In the battle over class certification, expert testimony proffered by both plaintiffs and defendants is playing an increasingly important role. The Supreme Court has not yet decided whether the test for admissibility of expert testimony announced in Daubert v. Merrell Dow Pharmaceuticals applies at the class-certification stage, although it has certainly dropped hints to that effect, including in Wal-Mart Stores, Inc. v. Dukes. In our view, it’s only a matter of time before the Supreme Court expressly holds that Daubert applies to expert testimony offered in support of or opposition to class certification.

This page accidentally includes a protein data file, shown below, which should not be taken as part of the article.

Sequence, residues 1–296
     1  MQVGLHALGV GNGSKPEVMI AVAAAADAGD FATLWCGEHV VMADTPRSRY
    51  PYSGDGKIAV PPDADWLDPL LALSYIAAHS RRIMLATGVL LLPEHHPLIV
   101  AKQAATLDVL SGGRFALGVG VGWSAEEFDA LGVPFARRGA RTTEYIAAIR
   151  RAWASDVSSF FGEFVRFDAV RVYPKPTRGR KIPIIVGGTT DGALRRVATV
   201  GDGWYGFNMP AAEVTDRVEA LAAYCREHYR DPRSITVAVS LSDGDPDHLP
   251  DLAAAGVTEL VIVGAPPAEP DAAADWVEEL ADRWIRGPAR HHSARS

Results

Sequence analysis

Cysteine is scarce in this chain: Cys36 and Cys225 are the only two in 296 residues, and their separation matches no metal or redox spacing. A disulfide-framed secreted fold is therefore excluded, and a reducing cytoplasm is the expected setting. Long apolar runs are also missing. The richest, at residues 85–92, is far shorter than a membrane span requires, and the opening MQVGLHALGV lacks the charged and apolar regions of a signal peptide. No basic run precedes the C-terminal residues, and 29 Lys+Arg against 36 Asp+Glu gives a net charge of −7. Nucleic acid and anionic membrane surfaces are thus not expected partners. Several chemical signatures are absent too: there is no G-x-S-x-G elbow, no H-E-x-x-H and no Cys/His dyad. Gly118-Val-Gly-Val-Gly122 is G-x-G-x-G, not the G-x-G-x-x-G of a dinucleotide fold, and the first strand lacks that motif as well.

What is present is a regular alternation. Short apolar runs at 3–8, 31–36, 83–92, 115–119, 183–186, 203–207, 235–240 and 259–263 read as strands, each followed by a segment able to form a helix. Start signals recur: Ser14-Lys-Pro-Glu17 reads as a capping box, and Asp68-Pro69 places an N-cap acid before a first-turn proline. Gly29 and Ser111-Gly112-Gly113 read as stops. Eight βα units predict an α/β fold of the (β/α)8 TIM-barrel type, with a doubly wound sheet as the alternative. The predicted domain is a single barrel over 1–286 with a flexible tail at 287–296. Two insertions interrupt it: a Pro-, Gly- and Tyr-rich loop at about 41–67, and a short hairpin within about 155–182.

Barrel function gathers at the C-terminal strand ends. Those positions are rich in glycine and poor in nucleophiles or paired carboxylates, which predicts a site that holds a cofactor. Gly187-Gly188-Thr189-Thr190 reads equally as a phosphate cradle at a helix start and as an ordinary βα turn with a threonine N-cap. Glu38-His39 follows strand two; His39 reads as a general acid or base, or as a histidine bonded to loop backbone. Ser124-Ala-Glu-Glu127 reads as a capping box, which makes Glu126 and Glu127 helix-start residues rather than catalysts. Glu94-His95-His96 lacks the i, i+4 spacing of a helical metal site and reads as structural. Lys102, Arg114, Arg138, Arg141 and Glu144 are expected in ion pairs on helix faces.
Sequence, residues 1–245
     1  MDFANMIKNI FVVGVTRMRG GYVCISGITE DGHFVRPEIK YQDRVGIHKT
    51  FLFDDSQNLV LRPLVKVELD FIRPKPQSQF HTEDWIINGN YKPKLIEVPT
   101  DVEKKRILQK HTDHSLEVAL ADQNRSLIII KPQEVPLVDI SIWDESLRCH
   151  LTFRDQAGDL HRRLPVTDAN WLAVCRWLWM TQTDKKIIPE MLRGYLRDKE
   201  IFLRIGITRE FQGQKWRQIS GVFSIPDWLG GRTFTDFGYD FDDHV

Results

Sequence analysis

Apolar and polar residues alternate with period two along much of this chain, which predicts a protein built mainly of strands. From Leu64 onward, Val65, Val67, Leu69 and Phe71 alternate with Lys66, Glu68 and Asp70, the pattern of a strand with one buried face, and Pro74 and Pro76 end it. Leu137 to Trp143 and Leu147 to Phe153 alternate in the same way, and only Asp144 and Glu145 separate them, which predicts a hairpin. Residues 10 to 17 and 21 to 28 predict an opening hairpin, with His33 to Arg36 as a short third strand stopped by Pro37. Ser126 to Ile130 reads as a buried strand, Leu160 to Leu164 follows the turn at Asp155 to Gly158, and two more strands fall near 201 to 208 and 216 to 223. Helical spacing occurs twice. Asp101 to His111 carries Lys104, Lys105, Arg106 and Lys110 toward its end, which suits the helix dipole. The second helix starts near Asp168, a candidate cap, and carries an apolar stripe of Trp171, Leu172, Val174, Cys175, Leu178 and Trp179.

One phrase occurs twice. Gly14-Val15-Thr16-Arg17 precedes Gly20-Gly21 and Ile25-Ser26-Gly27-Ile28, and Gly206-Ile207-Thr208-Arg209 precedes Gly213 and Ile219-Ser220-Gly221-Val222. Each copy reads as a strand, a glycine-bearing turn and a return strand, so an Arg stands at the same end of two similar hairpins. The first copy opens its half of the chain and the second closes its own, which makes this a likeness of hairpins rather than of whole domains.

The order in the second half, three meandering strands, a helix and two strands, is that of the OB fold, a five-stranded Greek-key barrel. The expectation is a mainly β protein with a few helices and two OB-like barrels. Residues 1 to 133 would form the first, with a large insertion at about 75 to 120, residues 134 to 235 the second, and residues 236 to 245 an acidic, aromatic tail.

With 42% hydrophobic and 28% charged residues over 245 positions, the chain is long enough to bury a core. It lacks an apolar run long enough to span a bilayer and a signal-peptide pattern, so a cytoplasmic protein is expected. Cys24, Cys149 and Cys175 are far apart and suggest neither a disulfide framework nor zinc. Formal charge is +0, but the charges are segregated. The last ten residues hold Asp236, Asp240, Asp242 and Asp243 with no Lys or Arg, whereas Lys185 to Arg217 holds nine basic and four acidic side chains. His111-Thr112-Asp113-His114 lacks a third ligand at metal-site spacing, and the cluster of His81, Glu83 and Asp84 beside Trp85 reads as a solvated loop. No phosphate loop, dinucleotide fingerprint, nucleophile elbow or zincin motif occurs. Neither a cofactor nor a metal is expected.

Accordingly, defendants should pay careful attention to Daubert’s standards—both in bolstering their own experts and in attacking the experts put forward by plaintiffs. The wisdom of doing so was recently underscored by the Ninth Circuit’s sharply-divided en banc decision in Estate of Barabin v. AstenJohnson, Inc. (pdf). As my colleagues Evan Tager and C.J. Summers explain in a recent alert, Barabin “significantly strengthened and expanded the gatekeeper role of both trial and appellate courts in determining whether to admit expert testimony.” Their discussion of Barabin is well worth reading for all class-action practitioners.